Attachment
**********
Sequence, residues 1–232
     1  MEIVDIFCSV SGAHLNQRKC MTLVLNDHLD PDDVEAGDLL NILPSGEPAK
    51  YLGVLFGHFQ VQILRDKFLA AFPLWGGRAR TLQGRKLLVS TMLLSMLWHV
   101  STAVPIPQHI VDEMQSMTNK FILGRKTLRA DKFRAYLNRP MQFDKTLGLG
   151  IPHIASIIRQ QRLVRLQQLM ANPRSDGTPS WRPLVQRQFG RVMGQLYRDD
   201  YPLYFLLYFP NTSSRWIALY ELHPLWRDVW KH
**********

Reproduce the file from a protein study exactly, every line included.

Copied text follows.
Sequence, residues 1–232
     1  MEIVDIFCSV SGAHLNQRKC MTLVLNDHLD PDDVEAGDLL NILPSGEPAK
    51  YLGVLFGHFQ VQILRDKFLA AFPLWGGRAR TLQGRKLLVS TMLLSMLWHV
   101  STAVPIPQHI VDEMQSMTNK FILGRKTLRA DKFRAYLNRP MQFDKTLGLG
   151  IPHIASIIRQ QRLVRLQQLM ANPRSDGTPS WRPLVQRQFG RVMGQLYRDD
   201  YPLYFLLYFP NTSSRWIALY ELHPLWRDVW KH